In terms of places to stay, there was a place called The Sanctuary which looked quite cheap. There is camping for NZ $8 a night, and the best place to camp if you want to sleep in your car and not pitch a tent is by the Visitor Centre, at the Avalanche Creek Campsite. There is a huge shelter called the Avalanche Creek Shelter where people can cook, and there are public toilets not far from the Arthur’s Pass Railway Station. You can stay for as little as NZ $15 a night in the backpackers’ hostels. And of course, there are the more expensive motel options available.

Here’s a story about what it is like to live in the town, ‘What it’s really like to live in New Zealand’s smallest town’.

You can eat at the Arthur’s Pass Store and also at the Wobbly Kea, named after New Zealand’s famous alpine parrot the kea, which had better coffee; but I ate at the Ōtira Stagecoach Hotel in nearby Ōtira, about 14 km closer to the West Coast, which in this area means 14 km north of Arthur’s Pass, as the road runs from north to south through the pass.

The ‘Stagecoach’ bit isn’t made up: for some time, before the completion of the Ōtira Tunnel in 1923, they really did run stagecoaches through this area. The hotel is full of old-time memorabilia.

The Ōtira Stagecoach Hotel

Apples on sale for $5 a bag outside the hotel

I don’t think the sign refers to the present king: somebody must have forgotten to take it down.

There are plenty of short walks to do from the Avalanche Creek Campsite. There’s a waterfall at the Devil’s Punchbowl, that’s about half an hour. And then there are the historic walks, and a walk to the Bridal Veil Falls and then over to Jack’s Hut. And the chimney-like Dobson Memorial.

On the other side, I did the Mount Bealey Track. These are all within an hour to an hour and a half. And then you can go up to the Arthur’s Pass Lookout, where you can get a great view of the Ōtira Viaduct and see kea.

Kea are rare overall, in part because their chicks and even adult kea are taken by feral cats and other introduced pests and predators. But because they are sociable and like to hang around people, doubtless on the lookout for scraps as well, kea are still a fairly common sight in the mountains. This is a paradox which masks their actual rarity.

Avalanche Peak is a one-day walk and is the most-climbed peak in the country.

What really astounded me was the number of huts around here. I would like to walk to Carrington Hut, five hours up the Waimakariri River. And from there, to cross the Taipoiti River and do the the Three Passes Route, of Harman Pass, Whitehorn Pass and Browning Pass/Noti Raureka. This route, so alpine that it’s recommended only to do it in summer, involves crossing a permanent ice-field with crevasses at the Whitehorn Pass. What an amazing hike that would be; though only if your skills are up to it of course! The DOC page on the Three Passes Route is full of tips on how to do it as safely as possible.‍

Carrington Hut at the far right edge, Clough Cableway and the Three Passes Route. LINZ via NZ Topo Map, CC BY-SA 4.0.

And a lot of people go to the Carroll Hut just past Ōtira. That’s a three hour hike above the Ōtira River to Kelly Saddle, which the hut sits alongside.

But all adventure aside, I enjoyed the Ōtira Hotel!

A Difficult Pass to Keep Open

The name Arthur’s Pass refers to Arthur Dobson, the explorer who supposedly discovered it: though it goes without saying that the Māori generally knew of all the larger features of the interior, including its useful mountain passes.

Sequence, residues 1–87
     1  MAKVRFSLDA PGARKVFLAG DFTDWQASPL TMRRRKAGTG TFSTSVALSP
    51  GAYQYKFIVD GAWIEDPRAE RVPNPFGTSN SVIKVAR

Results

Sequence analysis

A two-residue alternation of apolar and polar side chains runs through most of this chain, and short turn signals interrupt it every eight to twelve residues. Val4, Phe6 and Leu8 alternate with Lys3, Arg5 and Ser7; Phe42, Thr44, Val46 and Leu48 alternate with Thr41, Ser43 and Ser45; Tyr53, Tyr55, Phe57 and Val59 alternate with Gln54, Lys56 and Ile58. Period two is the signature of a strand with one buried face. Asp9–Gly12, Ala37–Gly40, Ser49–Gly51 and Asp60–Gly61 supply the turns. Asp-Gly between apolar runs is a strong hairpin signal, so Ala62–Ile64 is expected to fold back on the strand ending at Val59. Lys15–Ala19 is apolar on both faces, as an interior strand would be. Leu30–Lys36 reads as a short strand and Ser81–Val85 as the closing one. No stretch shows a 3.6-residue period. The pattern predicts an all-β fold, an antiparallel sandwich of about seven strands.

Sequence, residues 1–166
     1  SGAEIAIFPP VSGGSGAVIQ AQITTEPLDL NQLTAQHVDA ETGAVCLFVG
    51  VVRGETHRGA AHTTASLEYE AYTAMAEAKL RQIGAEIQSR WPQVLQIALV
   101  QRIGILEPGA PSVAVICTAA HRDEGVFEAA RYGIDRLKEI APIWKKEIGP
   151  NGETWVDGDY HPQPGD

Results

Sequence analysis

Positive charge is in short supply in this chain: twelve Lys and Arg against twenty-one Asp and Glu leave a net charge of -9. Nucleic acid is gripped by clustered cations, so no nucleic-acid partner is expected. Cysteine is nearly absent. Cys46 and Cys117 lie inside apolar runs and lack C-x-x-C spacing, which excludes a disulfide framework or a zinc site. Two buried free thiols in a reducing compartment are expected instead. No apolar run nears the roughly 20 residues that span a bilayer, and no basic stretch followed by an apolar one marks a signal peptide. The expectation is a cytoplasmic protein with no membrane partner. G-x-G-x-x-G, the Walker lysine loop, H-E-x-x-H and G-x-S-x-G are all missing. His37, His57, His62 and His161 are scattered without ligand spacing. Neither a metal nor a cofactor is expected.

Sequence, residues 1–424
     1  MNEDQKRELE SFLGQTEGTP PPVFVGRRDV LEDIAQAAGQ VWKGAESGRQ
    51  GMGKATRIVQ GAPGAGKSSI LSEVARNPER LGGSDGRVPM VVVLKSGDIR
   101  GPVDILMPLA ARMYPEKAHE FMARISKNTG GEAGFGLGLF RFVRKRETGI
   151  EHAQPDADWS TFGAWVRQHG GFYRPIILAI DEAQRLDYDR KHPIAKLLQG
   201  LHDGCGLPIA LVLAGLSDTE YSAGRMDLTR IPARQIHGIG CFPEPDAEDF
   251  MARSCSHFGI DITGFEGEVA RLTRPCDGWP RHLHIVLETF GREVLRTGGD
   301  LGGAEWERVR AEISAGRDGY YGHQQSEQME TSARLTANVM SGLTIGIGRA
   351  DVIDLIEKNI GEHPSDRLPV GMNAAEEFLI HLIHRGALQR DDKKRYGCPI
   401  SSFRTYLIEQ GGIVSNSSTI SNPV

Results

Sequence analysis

In the case of the pass that would be called Arthur’s, Dobson and his party were told where to go (in a friendly manner) by a rangatira (chief) named Tarapuhi.

Though it formed part of a traditional trail, the pass presented engineering difficulties for anyone who proposed to build a road or a railway. Indeed, its advocates were lampooned by those who favoured other routes, such as Browning Pass.

An 1865 cartoon representing supporters of the Arthur’s Pass route as deluded and drunk, from Punch in Canterbury, Alexander Turnbull Library,

‍The difficulties and expense were so great that there was no railway until 1923, when a rail tunnel through the summit of the pass between Arthur’s Pass township on the Canterbury side and Ōtira on the West Coast side was completed. At more than 8.5 km (5.3 miles), the Ōtira tunnel was one of the longest in the world at the time. People on one side of the mountains would peer down the tunnel to get an idea of weather conditions on the other side!

As for the road, though it was built earlier, it clung to the side of the mountains over the same stretch and was regularly wiped out by landslides. Indeed, the skeptics had the last laugh in a way, when, after about 130 years the government gave up on trying to repair the worst section and replaced it with the 440-metre long Ōtira Viaduct.‍

The Ōtira Viaduct, with two kea in the foreground

The viaduct is not the only engineering marvel in the area. The 8.5 km Ōtira Tunnel, which celebrated its 100th anniversary on 4 August 2023. The tunnel was very expensive and took fifteen years to hew out of the rock, from 1908 to 1923.

Cartoon on the wall in the community hall at Ōtira, on 4 August 2023

Here’s a pan my editor Chris did around the railway station.

And here’s a video slightly under two minutes long, showing the excursion train of the day emerging from the western portal of the tunnel.

The Kea: Minor Menace of the Mountains

I was sitting there admiring the viaduct when my rubber-soled sandal was attacked by kea, which have no fear of human beings whatsoever and a peculiar obsession with rubber. Several kea gathered on a railing to wait their turn to have a go at my sandals. Kea are notorious for stripping the rubber from car windscreens and wipers and generally trashing campsites. They are also ranked as among the most intelligent birds in the world if not the most intelligent, so it’s a kind of mischievousness, I think.‍

Here’s one of the kea on the railing, displaying its red underwings.‍

Kea are actually fairly carnivorous, unlike most other parrots, and used to have a reputation for attacking live sheep. The farmers used to shoot kea in large numbers, though the modern scientific thinking is that such attacks are unusual and likely to have been vastly outnumbered by sightings of kea pecking at a carcass. On the odd occasion, even now, a kea that has developed a taste for live sheep has been legally shot by government rangers, though kea have, otherwise, been absolutely protected since 1986.

In flight, they do look a bit like eagles, which are known to go after lambs in Scotland and a few other places.‍

So maybe the kea were trying to eat my toes — now there’s a sobering thought.

Still, in spite of all the trouble they cause, it’s hard to dislike them!‍

And that’s all, folks!‍

(This story was slightly modified on 19 September 2023, chiefly to add material about the rarity of the kea and its vulnerability to predation.)

If you liked this post, check out my book about the South Island! It’s available for purchase from available from this website,